TN 3 (11-06)

PR 01210.024 Massachusetts

A. PR 06-361 Survey - State Law Requirements for Entry of Father's Name and Surname on Birth Certificate of Child Born Out of Wedlock - New England States

DATE: October 11, 2006

1. SYLLABUS

All New England states have statutes that require that before a father's name is placed on a birth certificate of a child born to unmarried parents, the father must furnish some sort of a written acknowledgment of parentage, or both the father and mother must consent to the father's name being included on the birth certificate. In addition, all the states in New England have statutes that provide that if the issue of paternity has been adjudicated by a court or administrative agency of competent jurisdiction, the father's name will be included on a birth certificate.

Vermont's current law took effect on September 1, 1997. All the other states have had the requirement since at least 1980.

2. OPINION

This memo responds to your request from September 20, 2006 to furnish a precedent opinion regarding New England state law requirements for the entry of the father's name and surname on the birth certificate of a child born out of wedlock. You have also requested that we furnish the effective date for any statute that specifies the criteria needed for a father's name and surname to appear on the birth certificate of a child born out of wedlock. This memo also acts as a follow-up to the memo put forth by this office on February 14, 2003.

I reviewed the statutes of all six New England states. The requirements regarding the entry of the father's name on the birth certificate for a child born out of wedlock are current through the conclusion of the legislative sessions for 2005. In summary, the review of the laws of the New England states reveals that as of this date, all the states in New England have statutes that require that before a father's name is placed on a birth certificate of a child born to unmarried parents, the father must furnish some sort of a written acknowledgment of parentage, or both the father and mother must consent to the father's name being included on the birth certificate. In addition, all the states in New England have statutes that provide that if the issue of paternity has been adjudicated by a court or administrative agency of competent jurisdiction, the father's name will be included on a birth certificate.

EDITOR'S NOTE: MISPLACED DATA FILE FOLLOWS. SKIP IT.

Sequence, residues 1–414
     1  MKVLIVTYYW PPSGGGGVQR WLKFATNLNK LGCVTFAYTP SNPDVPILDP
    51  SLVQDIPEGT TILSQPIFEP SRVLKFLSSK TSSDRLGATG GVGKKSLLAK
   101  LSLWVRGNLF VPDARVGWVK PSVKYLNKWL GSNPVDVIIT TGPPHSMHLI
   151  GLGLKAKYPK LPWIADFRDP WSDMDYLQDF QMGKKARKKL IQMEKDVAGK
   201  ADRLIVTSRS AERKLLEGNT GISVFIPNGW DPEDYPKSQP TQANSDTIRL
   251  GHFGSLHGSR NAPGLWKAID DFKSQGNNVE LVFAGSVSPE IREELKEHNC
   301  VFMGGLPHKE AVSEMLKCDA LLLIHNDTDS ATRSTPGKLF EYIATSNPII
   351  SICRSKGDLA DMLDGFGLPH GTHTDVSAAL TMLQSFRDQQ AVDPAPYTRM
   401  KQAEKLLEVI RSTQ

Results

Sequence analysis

Connecticut law requires a written acknowledgment of paternity by the father at the hospital before the father's name may be placed on a birth certificate. If the father's name is added to a birth certificate at a latter date, both the mother and father must execute an acknowledgment of paternity. If the issue of paternity has been adjudicated by a court of competent jurisdiction, the father's name will be placed on a birth certificate of a child born to unmarried parents.

Maine law requires that with a child not born of marraige, both the mother and father must execute a written consent for the father's name to be placed on the birth certificate. If the issue of paternity has been adjudicated by a court of competent jurisdiction, the father's name will be included on a birth certificate of child born to unmarried parents.

Massachusetts law requires that when parents are not married to each other, both parents must execute an acknowledgment of paternity before the father's name may be included on the birth certificate. If the issue of paternity has been adjudicated by court of competent jurisdiction, the father's name will be included on a birth certificate of a child born to unmarried parents.

New Hampshire law requires that when the mother is not married to the father of the child, a notarized affidavit of paternity must be executed by both the mother and father before the father's name may be placed on the birth certificate. If the issue of paternity has been adjudicated by a court of competent jurisdiction, the father's name will be included on a birth certificate of a child born to unmarried parents.

Rhode Island law requires written consent of both the mother and father before the father's name may be entered on the birth certificate. If the issue of paternity has been adjudicated by a court of competent jurisdiction, the father's name will be included on a birth certificate of a child born to unmarried parents.

Since 1997, Vermont law has provided that the name of the father of a child born to unmarried parents will be included on the birth certificate, but only if the father and mother have signed a voluntary acknowledgment of parentage. If the issue of paternity has been adjudicated by a court or administrative agency of competent jurisdiction, the father's name will be included on a birth certificate of a child born to unmarried parents.

With respect to the effective dates of these requirements: our research has revealed that all New England states, except for Vermont, have, from as early as 1930, had policies, i.